with the slower ones, but the closing speed will usually be so slow
that it's easy to match the speed of the slower object until it's safe
to overtake. And if there are no safe places to pass, at least all of
you will keep moving toward your destinations. If two vehicles going
opposite ways meet, the only way to avoid a collision is for both to
come to a dead stop.

Alas, the human mind seems to require a separate rule for every
occasion; instead of a law saying "thou shalt pay attention to thy
driving", we want separate laws saying "thou shalt not drive while
/talking on the phone/texting/playing computer games/applying
makeup/watching television/typing a doctoral dissertation/typing a
master's dissertation/writing a theme for English class/browsing the
Web/ . . . the woman who murdered six cyclists went free because
there was no law against driving with your head under the dashboard.

I read in the paper that the town council is thinking of legalizing
golf carts. A part of the proposed law is that a golf cart with three
cars piled up behind it must pull over and let them pass. This is
just plain silly. First, because we already have a law against
blocking traffic. Second, because it implies that if you are impeding
only one car, you may force him to follow you all the way to your
destination.

If *anybody* is driving slowly because he can't get around me, I pull
over the very first time it's safe to pull over.

Note well: "safe" does NOT mean encouraging someone to overtake you
in a narrow lane when the oncoming lane is occupied and unavailable.

It also doesn't mean "pull off the road and stay in that parking space
indefinitely".

--
joy beeson at comcast dot net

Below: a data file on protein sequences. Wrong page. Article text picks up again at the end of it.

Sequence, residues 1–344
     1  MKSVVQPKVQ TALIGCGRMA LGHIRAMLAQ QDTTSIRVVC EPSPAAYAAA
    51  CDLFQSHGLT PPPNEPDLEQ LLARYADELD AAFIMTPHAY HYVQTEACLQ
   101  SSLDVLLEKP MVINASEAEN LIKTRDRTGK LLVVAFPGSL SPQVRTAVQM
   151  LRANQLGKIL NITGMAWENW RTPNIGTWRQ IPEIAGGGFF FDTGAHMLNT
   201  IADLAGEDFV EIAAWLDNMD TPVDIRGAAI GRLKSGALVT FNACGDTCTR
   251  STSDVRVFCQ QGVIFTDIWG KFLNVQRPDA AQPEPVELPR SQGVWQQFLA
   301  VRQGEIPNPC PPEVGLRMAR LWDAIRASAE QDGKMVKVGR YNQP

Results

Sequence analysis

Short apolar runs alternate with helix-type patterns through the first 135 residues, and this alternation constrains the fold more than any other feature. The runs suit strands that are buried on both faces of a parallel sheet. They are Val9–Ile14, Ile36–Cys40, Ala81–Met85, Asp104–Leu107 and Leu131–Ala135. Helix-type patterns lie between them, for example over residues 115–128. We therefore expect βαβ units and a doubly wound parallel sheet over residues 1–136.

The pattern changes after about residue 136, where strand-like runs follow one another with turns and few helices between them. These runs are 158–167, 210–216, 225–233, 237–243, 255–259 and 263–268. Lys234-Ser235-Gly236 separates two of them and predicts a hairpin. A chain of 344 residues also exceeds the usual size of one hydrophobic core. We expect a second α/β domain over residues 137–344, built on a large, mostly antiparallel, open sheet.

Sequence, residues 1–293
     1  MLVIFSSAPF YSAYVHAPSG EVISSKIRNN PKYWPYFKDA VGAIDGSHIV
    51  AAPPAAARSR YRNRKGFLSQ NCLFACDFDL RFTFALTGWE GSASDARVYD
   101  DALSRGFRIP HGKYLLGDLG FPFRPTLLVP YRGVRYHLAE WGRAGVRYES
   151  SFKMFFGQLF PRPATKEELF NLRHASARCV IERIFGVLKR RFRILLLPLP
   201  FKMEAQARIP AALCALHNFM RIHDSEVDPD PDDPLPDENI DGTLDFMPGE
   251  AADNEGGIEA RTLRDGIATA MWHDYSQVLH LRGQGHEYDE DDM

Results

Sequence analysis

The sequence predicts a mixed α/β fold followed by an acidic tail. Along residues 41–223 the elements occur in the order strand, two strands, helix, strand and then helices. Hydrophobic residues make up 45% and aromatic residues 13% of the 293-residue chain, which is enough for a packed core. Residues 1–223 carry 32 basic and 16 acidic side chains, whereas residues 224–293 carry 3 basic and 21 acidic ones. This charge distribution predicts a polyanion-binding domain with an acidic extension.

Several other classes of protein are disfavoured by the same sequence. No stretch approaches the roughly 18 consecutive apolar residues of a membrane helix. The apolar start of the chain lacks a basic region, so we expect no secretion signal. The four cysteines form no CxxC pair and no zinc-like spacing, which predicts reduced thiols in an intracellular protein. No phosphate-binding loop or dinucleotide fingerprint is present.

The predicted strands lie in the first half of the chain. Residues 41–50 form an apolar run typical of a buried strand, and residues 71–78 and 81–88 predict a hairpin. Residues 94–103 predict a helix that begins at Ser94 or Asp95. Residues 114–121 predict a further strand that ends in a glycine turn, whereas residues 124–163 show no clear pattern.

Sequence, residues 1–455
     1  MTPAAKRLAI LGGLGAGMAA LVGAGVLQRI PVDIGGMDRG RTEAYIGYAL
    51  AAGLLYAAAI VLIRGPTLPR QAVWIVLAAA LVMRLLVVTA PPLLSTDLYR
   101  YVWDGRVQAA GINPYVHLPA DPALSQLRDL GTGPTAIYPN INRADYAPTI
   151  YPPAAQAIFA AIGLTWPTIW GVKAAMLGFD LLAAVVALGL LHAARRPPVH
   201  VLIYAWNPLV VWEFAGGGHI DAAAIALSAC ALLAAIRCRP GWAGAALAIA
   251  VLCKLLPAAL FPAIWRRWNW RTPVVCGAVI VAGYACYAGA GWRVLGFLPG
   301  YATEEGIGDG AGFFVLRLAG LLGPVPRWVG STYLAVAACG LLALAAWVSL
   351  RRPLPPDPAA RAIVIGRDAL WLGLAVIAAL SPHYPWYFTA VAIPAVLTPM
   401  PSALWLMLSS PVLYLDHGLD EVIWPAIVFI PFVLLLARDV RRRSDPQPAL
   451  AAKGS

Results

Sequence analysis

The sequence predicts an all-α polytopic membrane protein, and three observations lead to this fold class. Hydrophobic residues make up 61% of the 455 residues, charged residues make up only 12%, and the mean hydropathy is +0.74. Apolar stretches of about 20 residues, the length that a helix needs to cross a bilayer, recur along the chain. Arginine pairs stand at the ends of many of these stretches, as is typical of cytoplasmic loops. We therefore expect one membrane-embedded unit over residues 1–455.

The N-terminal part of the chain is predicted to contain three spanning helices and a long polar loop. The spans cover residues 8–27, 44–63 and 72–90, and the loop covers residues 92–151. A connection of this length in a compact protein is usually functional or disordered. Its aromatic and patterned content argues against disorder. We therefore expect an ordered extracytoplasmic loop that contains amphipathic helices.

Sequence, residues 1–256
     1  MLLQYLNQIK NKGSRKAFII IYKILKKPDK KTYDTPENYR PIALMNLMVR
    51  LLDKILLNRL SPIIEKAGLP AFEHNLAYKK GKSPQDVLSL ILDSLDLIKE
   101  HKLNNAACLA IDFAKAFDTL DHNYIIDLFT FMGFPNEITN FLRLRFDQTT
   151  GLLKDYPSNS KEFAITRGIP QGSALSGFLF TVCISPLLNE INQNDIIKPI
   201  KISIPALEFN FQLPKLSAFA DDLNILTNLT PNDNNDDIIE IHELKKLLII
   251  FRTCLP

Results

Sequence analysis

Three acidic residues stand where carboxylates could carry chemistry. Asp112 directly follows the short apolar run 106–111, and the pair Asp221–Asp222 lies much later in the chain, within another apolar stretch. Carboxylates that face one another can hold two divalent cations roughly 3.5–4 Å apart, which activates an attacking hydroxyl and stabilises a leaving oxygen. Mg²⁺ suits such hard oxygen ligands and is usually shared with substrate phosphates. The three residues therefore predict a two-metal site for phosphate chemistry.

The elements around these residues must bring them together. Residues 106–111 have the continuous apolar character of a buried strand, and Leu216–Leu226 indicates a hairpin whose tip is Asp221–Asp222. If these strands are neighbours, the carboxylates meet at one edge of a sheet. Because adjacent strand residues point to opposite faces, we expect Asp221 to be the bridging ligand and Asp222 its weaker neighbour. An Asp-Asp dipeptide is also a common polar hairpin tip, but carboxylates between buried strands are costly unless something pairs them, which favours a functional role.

http://wlweather.net/PAGEJOY/
The above message is a Usenet post.
I don't recall having given anyone permission to use it on a Web site.


  #515  
Old September 11th 16, 06:58 AM posted to rec.bicycles.misc
John B.[_6_]
external usenet poster
 
Posts: 2,202
Default AG: Engage Brain Before Putting Bike in Gear

On Sat, 10 Sep 2016 23:47:50 -0300, Joy Beeson
wrote:

(Reverse "right" and "left" as required.)


When you learn a rule, ask yourself why this rule is a rule. When you
learn to ride on the right, don't just say "The right is the right
place to ride. Riding on the right will keep me SAFE."

You ride on the right because two objects travelling along the same
line are much less likely to collide if they are moving in the same
direction. Indeed, if two objects have exactly the same velocity
(which is physics-speak for "speed and direction"), they will forever
remain the same distance apart and never meet.

If several objects are travelling along the same line in the same
direction, but with different speeds, the faster objects will catch up
with the slower ones, but the closing speed will usually be so slow
that it's easy to match the speed of the slower object until it's safe
to overtake. And if there are no safe places to pass, at least all of
you will keep moving toward your destinations. If two vehicles going
opposite ways meet, the only way to avoid a collision is for both to
come to a dead stop.

Alas, the human mind seems to require a separate rule for every
occasion; instead of a law saying "thou shalt pay attention to thy
driving", we want separate laws saying "thou shalt not drive while
/talking on the phone/texting/playing computer games/applying
makeup/watching television/typing a doctoral dissertation/typing a
master's dissertation/writing a theme for English class/browsing the
Web/ . . . the woman who murdered six cyclists went free because
there was no law against driving with your head under the dashboard.